Today is a powerful reminder of that here on the Texas Gulf Coast.
My only real experience with tropical storms/hurricanes was years ago in Austin. In the early 60's, Carla hit somewhere on the Texas coast. We were probably 150-200 miles inland. I don't think I've ever seen harder, more sustained rain. If you were on higher ground (and south Austin has plenty) it was ok. Otherwise, don't cross any low-water bridges. I rather imagine the Gulf plain on which Alvin is located is considerably more vulnerable..
Happily, the forecasters got it wrong. They expected a very active hurricane season with major landfalls. Most of the storms either stayed far south or turned north over the Atlantic and became, mostly "fish storms."
This is a happy day for me. I have a bookmark folder of current news sources. I can click on "open all" and check out news and weather in the tabs that open up. Today I was able to remove a couple of hurricane related links back to their own folder. Our dry air and cooler temps assure that no late season storm is going to make it to the Texas gulf coast.
Ahh. At least till next year.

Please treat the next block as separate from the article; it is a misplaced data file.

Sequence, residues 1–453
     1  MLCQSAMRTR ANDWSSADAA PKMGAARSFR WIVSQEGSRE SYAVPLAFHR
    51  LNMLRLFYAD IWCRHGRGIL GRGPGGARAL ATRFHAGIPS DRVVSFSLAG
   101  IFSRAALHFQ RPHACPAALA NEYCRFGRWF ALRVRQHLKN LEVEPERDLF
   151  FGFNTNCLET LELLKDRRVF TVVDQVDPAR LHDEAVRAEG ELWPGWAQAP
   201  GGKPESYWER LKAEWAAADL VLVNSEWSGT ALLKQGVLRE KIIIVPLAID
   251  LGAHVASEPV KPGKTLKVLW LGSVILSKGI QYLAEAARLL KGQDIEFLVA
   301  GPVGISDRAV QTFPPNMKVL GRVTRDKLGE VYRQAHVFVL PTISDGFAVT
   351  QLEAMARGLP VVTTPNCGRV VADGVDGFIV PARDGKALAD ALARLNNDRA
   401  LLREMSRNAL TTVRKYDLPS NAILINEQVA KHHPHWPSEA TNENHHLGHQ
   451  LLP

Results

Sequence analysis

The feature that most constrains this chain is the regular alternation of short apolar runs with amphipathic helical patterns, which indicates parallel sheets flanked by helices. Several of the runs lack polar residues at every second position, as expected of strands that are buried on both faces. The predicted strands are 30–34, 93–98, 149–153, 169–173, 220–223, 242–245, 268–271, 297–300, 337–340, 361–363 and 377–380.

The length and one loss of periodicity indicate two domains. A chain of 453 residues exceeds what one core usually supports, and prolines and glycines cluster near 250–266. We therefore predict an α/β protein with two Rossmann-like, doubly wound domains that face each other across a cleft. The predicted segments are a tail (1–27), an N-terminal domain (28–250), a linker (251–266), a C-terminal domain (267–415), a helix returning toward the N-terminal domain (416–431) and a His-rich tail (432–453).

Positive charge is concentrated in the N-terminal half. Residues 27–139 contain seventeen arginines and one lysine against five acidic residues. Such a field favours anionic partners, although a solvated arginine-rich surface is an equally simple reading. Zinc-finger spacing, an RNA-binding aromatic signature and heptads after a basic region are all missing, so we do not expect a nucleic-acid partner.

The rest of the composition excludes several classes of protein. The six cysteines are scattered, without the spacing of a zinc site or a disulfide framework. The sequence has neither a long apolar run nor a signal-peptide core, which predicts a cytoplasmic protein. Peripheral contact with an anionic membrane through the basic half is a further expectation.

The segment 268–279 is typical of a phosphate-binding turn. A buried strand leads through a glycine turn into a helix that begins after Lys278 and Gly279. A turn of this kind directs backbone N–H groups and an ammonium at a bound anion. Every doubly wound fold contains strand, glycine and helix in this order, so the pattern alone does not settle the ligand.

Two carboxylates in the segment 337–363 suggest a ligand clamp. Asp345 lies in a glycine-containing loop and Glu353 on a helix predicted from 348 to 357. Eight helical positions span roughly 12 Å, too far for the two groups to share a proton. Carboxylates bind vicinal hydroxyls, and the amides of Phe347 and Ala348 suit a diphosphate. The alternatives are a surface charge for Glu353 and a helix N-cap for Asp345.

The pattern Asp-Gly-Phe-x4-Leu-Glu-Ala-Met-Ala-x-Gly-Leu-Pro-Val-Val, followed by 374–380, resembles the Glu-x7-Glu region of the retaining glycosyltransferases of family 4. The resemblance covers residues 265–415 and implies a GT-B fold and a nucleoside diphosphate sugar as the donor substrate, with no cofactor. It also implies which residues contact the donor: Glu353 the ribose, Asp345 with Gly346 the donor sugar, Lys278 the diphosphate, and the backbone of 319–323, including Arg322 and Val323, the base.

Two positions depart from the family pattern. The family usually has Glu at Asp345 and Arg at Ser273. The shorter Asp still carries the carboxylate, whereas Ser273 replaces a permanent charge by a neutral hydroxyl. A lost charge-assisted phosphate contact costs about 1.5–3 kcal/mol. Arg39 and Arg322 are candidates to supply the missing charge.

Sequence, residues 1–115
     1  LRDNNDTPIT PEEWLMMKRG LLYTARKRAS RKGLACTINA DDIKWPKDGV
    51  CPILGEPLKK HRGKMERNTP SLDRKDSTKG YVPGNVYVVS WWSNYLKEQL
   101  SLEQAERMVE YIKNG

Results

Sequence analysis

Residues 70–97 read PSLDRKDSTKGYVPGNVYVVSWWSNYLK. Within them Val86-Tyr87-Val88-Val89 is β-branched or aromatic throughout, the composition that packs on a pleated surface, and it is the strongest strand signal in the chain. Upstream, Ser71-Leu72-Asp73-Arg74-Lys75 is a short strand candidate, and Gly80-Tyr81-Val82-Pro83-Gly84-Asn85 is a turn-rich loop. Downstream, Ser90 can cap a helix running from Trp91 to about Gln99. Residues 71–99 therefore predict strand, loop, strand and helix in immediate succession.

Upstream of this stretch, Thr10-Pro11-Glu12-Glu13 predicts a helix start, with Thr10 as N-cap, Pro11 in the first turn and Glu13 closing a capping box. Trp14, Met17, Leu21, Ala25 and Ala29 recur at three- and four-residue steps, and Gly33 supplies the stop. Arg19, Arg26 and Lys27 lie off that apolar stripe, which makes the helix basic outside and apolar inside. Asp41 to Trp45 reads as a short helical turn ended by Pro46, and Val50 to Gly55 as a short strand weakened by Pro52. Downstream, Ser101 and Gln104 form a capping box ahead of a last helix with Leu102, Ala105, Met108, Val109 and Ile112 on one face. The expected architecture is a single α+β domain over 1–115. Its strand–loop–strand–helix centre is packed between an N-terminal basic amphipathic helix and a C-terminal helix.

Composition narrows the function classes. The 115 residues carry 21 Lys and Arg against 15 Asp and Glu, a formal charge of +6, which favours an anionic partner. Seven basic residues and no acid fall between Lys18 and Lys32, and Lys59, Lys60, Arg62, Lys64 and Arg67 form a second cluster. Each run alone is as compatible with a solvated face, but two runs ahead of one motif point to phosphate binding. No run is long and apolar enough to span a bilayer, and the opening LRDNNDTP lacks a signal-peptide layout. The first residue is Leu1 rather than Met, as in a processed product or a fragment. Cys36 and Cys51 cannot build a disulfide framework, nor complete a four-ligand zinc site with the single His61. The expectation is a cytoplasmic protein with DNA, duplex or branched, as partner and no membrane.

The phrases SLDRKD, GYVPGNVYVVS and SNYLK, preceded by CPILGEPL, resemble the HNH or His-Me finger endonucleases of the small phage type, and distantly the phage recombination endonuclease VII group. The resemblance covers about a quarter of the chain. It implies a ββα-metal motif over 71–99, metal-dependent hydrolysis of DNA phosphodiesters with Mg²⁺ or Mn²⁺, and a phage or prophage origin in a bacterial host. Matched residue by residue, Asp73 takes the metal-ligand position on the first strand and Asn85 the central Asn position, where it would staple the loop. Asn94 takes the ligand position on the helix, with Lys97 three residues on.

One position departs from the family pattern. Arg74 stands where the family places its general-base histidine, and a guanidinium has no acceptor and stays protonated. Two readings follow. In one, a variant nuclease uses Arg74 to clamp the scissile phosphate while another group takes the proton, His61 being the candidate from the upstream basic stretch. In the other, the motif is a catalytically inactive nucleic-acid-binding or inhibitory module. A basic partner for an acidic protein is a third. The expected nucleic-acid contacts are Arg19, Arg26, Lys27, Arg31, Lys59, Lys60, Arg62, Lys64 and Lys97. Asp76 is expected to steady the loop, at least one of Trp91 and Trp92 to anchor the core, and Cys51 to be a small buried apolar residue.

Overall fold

I still say that's the little guy from that Price is Right game.
OK, you guys. Let's get this mess all done and outta the way. We're coming to New Orleans in October and want all this business over with.
Isaac's track appears to have settled on New Orleans on Tuesday evening. It's almost exactly on the anniversary of Katrina and even though this one doesn't look as if it will pack the punch of that infamous storm there's still plenty of reason for concern.
Beyond that, the drought-stricken mid- and eastern- midwest is lining up for some significant rain.
Hurricanes produce a strange mix of feelings...it misses us but hits someone else. It brings destruction one place and welcome rain somewhere else.
Check out this Google maps treatment of Isaac: http://google.org/crisismap/2012-tropical-system-isaac